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Self-spreading Transport Protocols

The STP project's objective is to develop a system that can support the rapid evolution of transport protocols. It is a joint project by the University of Utah and the University of Washington, and is funded by NSF.

New transport protocols are written in a type-safe version of C and run in-kernel. STP-enabled end-hosts then exchange these untrusted transports when they wish to communicate with each other. This late binding of protocols to hosts eliminates many of the delays and constraints that are otherwise commonplace when upgrading the transport protocols deployed on the Internet.

One of the key challenges in developing a practical system for transport evolution is to achieve a synthesis: dual-end upgrades must be sufficiently expressive to encode a large set of transport protocols including those yet to be invented, sufficiently low-level to achieve high levels of performance, and still sufficiently restricted so that they can be checked for a multitude of safety and security properties. Both the network at large and the two end hosts must be protected from ill effects.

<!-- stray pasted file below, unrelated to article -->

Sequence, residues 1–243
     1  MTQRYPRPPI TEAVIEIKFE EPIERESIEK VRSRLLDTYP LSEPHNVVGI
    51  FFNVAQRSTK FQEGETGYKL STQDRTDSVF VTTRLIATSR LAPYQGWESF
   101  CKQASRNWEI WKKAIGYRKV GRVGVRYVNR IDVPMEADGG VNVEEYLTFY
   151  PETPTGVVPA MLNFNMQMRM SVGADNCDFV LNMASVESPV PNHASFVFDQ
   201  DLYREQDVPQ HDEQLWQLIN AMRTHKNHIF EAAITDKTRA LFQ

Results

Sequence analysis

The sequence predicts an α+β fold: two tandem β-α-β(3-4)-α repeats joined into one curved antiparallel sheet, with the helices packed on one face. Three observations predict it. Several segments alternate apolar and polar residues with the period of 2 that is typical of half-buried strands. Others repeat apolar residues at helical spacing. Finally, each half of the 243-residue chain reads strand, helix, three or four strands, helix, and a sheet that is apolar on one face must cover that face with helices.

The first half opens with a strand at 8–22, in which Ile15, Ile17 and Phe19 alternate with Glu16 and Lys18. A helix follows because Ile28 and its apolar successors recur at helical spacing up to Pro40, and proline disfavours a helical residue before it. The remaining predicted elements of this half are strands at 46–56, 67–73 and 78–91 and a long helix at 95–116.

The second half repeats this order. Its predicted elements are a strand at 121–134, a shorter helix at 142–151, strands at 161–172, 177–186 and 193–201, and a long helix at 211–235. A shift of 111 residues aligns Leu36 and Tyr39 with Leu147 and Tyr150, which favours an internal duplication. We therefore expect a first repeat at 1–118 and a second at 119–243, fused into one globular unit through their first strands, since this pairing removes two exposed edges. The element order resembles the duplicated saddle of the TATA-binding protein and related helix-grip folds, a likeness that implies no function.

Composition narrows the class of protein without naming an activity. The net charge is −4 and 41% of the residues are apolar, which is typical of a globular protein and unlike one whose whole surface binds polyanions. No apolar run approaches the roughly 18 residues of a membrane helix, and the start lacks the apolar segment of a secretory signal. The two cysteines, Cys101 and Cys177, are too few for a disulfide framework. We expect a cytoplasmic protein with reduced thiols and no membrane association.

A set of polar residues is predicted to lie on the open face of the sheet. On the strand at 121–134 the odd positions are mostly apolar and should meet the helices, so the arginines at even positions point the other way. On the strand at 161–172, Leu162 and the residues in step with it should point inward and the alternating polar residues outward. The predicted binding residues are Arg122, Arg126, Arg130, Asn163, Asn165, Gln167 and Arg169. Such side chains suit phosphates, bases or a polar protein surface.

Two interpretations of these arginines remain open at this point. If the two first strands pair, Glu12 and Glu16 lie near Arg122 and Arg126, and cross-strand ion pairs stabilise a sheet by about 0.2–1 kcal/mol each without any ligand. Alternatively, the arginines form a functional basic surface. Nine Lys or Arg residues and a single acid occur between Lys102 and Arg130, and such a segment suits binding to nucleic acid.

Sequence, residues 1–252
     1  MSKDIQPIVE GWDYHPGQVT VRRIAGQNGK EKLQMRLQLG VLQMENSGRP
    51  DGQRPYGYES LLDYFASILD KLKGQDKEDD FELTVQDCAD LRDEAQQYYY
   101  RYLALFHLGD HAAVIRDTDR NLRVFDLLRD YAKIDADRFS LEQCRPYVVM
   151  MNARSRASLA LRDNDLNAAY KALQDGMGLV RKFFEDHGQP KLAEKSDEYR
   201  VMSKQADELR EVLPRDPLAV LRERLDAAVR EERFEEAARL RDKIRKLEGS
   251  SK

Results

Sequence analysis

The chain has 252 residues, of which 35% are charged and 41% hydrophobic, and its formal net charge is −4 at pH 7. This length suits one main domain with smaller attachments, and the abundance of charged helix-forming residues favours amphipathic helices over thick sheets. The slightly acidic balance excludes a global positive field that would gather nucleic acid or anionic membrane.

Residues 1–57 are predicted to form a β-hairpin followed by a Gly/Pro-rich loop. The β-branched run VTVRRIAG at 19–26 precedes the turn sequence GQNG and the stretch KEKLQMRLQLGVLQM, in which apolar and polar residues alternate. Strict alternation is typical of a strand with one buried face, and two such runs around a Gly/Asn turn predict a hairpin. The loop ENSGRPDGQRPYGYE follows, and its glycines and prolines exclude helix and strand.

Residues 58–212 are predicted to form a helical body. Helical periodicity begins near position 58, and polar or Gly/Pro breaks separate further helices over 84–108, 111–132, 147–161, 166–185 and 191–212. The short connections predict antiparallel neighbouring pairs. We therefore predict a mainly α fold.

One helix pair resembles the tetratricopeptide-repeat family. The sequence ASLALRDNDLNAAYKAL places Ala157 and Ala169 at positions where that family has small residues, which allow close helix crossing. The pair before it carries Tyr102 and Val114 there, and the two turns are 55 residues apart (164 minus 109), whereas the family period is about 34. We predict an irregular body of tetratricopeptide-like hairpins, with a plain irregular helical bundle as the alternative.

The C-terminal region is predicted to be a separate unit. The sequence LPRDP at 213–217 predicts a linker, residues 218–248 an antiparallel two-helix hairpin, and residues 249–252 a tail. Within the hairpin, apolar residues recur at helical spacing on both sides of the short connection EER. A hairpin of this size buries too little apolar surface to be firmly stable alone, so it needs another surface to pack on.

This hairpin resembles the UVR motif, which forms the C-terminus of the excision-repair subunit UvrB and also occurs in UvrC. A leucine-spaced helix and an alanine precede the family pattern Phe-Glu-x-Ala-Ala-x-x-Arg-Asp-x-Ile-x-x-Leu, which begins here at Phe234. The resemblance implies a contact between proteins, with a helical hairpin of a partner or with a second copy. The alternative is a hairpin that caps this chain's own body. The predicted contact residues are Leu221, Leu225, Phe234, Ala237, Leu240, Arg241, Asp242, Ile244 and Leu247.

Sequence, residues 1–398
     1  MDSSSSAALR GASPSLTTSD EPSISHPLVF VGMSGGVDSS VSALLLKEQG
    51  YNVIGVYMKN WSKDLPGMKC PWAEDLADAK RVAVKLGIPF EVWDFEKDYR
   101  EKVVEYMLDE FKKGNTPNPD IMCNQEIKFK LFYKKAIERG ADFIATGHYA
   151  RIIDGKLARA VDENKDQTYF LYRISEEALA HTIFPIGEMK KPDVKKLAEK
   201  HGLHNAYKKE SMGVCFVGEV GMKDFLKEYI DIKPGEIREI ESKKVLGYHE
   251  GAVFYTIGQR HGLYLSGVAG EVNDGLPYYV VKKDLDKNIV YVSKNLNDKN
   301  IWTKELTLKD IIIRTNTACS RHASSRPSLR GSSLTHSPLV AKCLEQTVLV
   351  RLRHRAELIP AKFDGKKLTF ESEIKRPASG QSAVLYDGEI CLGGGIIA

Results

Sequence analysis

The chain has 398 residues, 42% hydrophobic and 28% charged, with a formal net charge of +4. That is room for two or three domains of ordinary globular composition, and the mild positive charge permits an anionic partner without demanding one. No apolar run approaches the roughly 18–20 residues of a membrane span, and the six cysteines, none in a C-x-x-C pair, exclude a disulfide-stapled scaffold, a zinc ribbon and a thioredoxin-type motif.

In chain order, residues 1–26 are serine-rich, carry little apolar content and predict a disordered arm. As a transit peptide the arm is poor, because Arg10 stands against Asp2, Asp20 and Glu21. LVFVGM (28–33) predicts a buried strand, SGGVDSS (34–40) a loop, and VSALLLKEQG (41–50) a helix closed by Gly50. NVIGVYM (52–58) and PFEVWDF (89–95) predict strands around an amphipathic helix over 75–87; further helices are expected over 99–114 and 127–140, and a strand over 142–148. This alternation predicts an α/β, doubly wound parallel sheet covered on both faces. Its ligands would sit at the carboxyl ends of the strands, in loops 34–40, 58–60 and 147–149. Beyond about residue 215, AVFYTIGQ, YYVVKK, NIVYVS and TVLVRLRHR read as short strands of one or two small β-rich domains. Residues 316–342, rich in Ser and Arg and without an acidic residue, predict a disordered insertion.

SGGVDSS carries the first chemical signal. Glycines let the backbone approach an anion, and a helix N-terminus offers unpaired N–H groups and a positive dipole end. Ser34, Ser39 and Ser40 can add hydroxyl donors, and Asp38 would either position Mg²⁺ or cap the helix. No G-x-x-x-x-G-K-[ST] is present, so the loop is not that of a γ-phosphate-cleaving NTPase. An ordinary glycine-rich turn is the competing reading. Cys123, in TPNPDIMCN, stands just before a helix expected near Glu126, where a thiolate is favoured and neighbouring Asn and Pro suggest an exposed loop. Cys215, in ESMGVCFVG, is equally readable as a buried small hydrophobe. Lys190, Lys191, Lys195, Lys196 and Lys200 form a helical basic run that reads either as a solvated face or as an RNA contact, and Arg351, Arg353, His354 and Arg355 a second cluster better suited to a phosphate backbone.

January 21, 2005: Initial software release.
December 10, 2003: These web pages are installed.
October 20, 2003: Parveen presents STP paper at 19th SOSP.
May 19, 2003: XTCP paper presented at HOTOS-IX.

This material is based upon work supported by the National Science Foundation under Grant No. 0338785. Any opinions, findings, and conclusions or recommendations expressed in this material are those of the author(s) and do not necessarily reflect the views of the National Science Foundation.

[ Univ. Utah School of Computing ] [ Univ. Washington CS Dept ]

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Last updated January 08, 2008.